CMS’ fraud crackdown relies on high-tech analytics

CMS analyticsThe government’s crackdown on Medicare fraud is paying off and healthcare providers that bill the government program would be well advised to know that the Centers for Medicare & Medicaid Services is using a high-tech analytics system to identify inappropriate payments.

Aptly named the “Fraud Prevention System,” the program has identified or prevented $820 million in inappropriate payments in its first three years. In 2014 alone the Fraud Prevention System identified or prevented $454 million in fraudulent billing, according to CMS.

The Fraud Prevention System was created in 2010 by the Small Business Jobs Act, which required CMS to implement a system that could analyze provider billing and beneficiary utilization patterns in order to identify potentially fraudulent claims before they were paid. In past years most healthcare fraud has been detected after the fact, meaning that the government had to chase after the money once it had been paid out.

The system uses “predictive analytics to identify troublesome billing patterns and outlier claims for action, similar to systems used by credit card companies,” according to CMS.

The agency cited several examples in which the use of predictive analytics has been able to successfully identify questionable billing patterns.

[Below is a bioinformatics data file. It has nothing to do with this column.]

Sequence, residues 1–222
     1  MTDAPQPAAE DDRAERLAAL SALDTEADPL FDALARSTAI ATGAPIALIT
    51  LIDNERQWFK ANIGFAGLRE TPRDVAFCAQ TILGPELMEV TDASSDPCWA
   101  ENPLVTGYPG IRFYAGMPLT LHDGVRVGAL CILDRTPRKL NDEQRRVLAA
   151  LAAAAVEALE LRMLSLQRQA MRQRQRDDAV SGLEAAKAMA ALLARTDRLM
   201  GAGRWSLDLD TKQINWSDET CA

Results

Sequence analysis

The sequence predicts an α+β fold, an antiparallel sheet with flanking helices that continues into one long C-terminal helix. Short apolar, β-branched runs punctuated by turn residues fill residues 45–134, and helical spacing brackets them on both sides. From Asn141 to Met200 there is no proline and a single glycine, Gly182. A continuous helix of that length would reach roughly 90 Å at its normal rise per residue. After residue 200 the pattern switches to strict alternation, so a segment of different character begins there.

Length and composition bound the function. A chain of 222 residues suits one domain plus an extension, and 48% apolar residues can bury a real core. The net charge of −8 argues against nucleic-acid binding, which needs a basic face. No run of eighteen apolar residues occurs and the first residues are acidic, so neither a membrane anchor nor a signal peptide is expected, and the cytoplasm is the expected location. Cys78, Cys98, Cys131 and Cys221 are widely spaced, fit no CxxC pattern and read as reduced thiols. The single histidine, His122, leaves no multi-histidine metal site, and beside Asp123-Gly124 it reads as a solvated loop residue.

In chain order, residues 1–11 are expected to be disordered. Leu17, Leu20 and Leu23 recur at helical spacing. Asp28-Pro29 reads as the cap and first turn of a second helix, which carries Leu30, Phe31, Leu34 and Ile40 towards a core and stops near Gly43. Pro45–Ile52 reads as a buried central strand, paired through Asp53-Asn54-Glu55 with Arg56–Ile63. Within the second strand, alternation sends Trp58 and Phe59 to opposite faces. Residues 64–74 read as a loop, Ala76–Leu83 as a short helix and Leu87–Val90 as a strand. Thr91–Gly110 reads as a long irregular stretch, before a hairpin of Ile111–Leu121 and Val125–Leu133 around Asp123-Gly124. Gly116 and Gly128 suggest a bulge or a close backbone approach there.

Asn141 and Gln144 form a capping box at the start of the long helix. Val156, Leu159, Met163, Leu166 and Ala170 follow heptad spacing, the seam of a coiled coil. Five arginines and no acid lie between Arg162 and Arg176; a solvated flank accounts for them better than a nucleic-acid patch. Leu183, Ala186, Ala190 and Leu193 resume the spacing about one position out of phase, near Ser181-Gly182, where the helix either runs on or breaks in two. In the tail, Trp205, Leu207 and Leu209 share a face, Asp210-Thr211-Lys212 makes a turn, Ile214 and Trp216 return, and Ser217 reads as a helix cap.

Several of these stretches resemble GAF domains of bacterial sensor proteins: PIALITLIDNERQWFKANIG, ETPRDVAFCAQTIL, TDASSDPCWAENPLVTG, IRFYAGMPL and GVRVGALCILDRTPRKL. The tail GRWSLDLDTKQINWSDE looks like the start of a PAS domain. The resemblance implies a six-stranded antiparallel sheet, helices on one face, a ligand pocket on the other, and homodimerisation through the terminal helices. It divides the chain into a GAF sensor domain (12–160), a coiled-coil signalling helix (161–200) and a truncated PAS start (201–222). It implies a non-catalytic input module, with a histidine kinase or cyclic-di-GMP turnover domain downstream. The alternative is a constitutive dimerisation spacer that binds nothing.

In one case, one of the system’s predictive models identified a questionable billing pattern at a provider for podiatry services that resulted in Medicare revoking the provider’s payments and referring the findings to law enforcement.

In another case, the system was able to identify an ambulance provider making questionable trips to a hospital. During the three years prior to the system alerting officials, the provider was paid more than $1.5 million for transporting more than 4,500 beneficiaries. A review of medical records found significant instances of insufficient or lack of documentation. CMS also revoked the provider’s Medicare enrollment and referred the results to law enforcement.

CMS says that it plans to expand the Fraud Prevention System and its algorithms to identify lower levels of non-compliant healthcare providers who would be better served by education or data transparency interventions.

The feds have made it clear time and again that fighting healthcare fraud is a top priority. The Health Law Offices of Anthony C. Vitale can help healthcare providers better position themselves for the future by assisting with the implementation of compliance programs and by defending providers who become the target of a healthcare fraud investigation.

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